A local broker who in his spare time coaches soccer has become affiliated with a major Charleston area agency’s downtown office.

Robert Lewandowski is part of the Costanzo Real Estate Team, says Lina and Michelle Costanzo of Carolina One Real Estate’s Broad Street locale. The Constanzos are team partners.

Lewandowski was born in New Jersey and raised on James Island. He has an associate’s in arts degree from Trident Technical College and is pursuing a bachelor’s degree in Business Management from the College of Charleston .

The agent has six years’ experience in customer relations and has been a Realtor for more than a year.

In addition to camping, fishing, hiking and playing baseball, Lewandowski has for several years coached a coed soccer team of 12- to 15-year-olds.

“Robert is hard charging and committed to being a success in real estate,” says Nancy Roettger, broker-in-charge of the Broad Street office. “He has teamed up with a very professional group and I expect big things from him.”

For more information, visit www.carolinaone.com.

• Sustainability Institute chief garners green building award •

Spreading the word about eco-friendly construction helped Bryan Cordell win a top honor from the U.S. Green Building Councils’ state wing.

Cordell, executive director of the Sustainability Institute in Charleston, earned the Individual Award from the councils’ South Carolina chapter earlier in April.

According to the chapter, the Sustainability Institute “has been instrumental in making green building and sustainability efforts more visible across the state.”

The organization grew from two people in 2006 to 16 today with a budget of more than $1.7 million. Its green workforce development program has educated more than 8,000 people, the chapter says. And the institute’s weatherization projects have documented energy savings of more than $2 million.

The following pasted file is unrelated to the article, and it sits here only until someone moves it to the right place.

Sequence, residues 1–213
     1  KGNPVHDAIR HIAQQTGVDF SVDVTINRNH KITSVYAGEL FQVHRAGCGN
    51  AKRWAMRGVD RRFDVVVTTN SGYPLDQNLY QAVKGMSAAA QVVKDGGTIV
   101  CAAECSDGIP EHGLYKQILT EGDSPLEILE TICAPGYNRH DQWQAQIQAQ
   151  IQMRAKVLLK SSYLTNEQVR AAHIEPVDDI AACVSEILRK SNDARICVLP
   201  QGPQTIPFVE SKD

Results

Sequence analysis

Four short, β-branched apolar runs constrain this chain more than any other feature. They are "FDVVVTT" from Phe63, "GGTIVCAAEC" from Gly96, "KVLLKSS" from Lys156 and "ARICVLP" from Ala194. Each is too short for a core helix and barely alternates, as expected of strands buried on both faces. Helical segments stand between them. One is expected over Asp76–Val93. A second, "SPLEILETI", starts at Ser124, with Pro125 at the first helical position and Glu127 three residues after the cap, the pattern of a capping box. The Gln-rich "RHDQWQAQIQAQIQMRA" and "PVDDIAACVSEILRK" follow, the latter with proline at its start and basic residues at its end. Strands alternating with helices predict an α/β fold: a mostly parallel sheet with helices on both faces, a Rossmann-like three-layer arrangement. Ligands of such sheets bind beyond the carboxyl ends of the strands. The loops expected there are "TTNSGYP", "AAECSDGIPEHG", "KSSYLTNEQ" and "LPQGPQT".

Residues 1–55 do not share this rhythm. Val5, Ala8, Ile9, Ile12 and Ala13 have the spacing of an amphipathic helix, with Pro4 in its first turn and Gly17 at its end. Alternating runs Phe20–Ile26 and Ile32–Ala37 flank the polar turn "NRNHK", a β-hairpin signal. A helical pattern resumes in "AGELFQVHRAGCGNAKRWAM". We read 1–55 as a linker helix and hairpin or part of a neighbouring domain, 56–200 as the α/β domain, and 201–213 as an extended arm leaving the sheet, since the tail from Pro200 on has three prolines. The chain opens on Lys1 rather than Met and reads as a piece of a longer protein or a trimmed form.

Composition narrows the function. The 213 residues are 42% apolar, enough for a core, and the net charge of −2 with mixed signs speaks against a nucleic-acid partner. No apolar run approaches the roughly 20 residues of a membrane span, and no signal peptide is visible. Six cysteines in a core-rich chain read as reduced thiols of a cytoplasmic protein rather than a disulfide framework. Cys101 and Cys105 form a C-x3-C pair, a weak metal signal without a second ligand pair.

Cordell is a member of the USGBC-SC board. In 2011, he organized the first effort to coordinate building councils’ volunteer-led projects to weatherize the homes of low income families across the Southeast.

Duke Energy sponsored the chapter’s Leadership Awards program.

Cordell was one of three award winners. The Exemplary Project Award went to the Goodall Environmental Studies Center - Wofford College, Glendale Shoals.Glendale Mill began operations in 1832, but closed in 1961. In 2005, several local organizations and Wofford College alumni began a campaign to revitalize Glendale and to preserve the history and natural resources of Lawson’s Fork Creek. The mill office became home for Wofford’s new Environmental Studies program.Building highlights include using 32 percent less energy than average buildings of the same size and type.

Meanwhile, the Keith Sanders Service Award was handed out to Dan Gerst, the chapter’s Communication Chair. He is a technology marketing professional, responsible for business intelligence, customer satisfaction and market research at QS/1. Under his guidance, the Communications Committee has moved the chapter forward via its website, emails, newsletters, public relations, social media and research.

• National builder hits 45 years old •

In spring 1967, Ryland Homes was just getting off the ground. Now the company is in 13 states, including South Carolina.

Ryland, among the 10 largest builders in the country, is celebrating its 45th year. In that time, it has built more than 285,000 homes and financed more than 235,000 mortgages.

The home builder opened its doors during the last week of March in 1967, says Brian Cartwright, vice president of sales and marketing for Ryland Homes in South Carolina. Today, Ryland builds new homes in eight communities in the Charleston-Myrtle Beach area.

The company also frames houses in North Carolina, Georgia, Florida, Virginia, Maryland, Illinois, Indiana, Minnesota, Texas, Colorado, Nevada and California.

Headquartered in Southern California, Ryland operates in 28 markets. For more information, visit www.ryland.com.